A qualified investor, sometimes referred to as an "accredited investor," is someone deemed to have sufficient financial sophistication to be excluded from certain U.S. regulations that are designed to protect most investors. For example, companies that wish to raise capital from individuals without issuing registered securities must limit their search to accredited investors. The general public is thus excluded from investing opportunities such as privately held companies and hedge funds, which can be particularly risky.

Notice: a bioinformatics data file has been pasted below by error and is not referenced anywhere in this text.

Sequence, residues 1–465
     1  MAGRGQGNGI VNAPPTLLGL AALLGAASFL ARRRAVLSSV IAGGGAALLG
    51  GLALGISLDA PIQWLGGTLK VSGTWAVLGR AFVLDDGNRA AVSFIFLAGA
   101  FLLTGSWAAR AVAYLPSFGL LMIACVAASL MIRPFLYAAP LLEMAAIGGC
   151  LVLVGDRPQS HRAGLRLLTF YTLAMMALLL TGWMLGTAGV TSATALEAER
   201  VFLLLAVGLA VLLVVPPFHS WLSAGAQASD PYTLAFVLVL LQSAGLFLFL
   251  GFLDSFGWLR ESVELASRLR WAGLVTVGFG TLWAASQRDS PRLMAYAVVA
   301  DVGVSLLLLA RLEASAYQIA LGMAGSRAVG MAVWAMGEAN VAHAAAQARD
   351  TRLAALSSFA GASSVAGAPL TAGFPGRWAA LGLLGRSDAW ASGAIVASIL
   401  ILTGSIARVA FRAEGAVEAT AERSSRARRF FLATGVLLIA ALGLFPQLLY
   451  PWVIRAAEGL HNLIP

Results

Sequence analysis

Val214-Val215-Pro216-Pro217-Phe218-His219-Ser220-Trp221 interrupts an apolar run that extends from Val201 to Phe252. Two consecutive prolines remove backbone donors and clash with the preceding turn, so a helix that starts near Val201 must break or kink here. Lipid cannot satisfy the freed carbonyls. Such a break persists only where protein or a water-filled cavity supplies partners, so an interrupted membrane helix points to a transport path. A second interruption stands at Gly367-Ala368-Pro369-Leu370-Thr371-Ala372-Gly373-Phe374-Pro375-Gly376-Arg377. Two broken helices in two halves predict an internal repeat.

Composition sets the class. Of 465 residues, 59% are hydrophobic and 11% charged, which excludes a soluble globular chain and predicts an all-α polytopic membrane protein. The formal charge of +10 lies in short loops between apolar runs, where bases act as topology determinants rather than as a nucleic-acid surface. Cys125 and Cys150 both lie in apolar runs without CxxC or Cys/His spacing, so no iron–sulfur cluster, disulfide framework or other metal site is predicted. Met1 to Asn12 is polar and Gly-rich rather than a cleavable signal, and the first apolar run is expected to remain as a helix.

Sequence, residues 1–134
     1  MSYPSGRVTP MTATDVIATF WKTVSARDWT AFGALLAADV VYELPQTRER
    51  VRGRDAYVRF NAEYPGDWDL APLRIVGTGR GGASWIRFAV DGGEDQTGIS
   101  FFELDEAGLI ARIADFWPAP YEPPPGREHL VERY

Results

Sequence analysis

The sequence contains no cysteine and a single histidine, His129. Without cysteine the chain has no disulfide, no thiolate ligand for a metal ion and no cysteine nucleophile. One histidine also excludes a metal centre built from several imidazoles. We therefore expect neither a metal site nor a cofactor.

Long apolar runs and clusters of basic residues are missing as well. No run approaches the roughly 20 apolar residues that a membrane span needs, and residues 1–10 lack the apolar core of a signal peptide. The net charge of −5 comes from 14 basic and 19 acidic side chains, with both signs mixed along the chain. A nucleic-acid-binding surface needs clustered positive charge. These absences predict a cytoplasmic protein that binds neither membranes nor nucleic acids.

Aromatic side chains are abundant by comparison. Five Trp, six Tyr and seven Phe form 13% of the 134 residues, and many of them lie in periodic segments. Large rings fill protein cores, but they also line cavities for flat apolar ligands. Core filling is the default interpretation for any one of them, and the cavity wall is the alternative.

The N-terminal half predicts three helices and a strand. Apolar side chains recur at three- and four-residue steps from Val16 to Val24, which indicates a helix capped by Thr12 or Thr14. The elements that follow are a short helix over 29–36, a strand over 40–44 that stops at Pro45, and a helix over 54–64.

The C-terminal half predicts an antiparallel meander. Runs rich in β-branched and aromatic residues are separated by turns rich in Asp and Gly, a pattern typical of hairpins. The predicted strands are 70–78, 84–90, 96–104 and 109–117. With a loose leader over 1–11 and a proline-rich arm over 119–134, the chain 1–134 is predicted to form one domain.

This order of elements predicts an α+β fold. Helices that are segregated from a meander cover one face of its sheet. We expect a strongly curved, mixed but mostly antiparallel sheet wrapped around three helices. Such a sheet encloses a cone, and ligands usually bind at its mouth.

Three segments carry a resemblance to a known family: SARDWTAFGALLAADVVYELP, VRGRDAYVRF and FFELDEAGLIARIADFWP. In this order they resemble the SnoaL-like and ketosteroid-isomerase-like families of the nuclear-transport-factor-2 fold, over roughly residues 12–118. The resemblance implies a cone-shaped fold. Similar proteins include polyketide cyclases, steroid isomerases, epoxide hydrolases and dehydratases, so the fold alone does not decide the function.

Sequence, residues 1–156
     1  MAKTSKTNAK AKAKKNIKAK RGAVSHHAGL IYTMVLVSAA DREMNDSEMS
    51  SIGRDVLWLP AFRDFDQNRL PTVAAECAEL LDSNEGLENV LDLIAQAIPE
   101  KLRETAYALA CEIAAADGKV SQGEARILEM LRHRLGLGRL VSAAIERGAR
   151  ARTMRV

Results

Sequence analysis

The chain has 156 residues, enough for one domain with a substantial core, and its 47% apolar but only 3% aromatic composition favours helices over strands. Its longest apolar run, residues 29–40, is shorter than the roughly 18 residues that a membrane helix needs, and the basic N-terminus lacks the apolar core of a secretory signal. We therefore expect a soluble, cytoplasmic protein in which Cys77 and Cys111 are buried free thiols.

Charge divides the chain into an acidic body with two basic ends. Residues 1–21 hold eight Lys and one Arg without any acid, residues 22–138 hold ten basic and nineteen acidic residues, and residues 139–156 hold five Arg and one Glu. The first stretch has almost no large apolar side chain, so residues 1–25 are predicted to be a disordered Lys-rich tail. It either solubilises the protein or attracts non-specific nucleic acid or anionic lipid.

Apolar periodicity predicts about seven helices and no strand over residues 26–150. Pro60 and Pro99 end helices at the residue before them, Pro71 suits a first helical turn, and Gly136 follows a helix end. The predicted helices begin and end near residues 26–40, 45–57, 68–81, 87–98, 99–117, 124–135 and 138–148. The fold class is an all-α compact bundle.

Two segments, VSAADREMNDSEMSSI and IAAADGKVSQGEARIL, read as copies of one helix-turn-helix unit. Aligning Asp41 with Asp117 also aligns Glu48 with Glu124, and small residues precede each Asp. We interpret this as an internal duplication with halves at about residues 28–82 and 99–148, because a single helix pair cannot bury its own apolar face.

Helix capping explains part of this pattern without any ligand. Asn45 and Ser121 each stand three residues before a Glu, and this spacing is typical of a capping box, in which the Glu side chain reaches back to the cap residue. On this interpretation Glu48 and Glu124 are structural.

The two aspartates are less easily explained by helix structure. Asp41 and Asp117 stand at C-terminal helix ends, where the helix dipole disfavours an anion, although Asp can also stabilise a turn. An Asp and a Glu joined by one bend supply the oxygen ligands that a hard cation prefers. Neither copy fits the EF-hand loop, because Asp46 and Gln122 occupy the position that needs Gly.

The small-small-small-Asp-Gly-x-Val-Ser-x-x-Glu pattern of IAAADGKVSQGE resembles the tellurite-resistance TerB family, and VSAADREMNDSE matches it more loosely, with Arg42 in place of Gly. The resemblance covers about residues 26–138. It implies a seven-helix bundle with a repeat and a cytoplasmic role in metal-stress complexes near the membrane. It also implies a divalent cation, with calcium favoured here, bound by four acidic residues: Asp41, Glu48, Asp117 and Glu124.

Stemming from the Securities Act of 1933 and defined in Regulation D, accredited/qualified investors are classified as meeting certain criteria, such as having an annual income of at least $200,000 in each of the past two years ($300,000 for joint income) or a net worth of at least $1 million. There are other criteria and restrictions, too; for example, the net worth may be held jointly with a spouse and may not include a home's value in the calculation.



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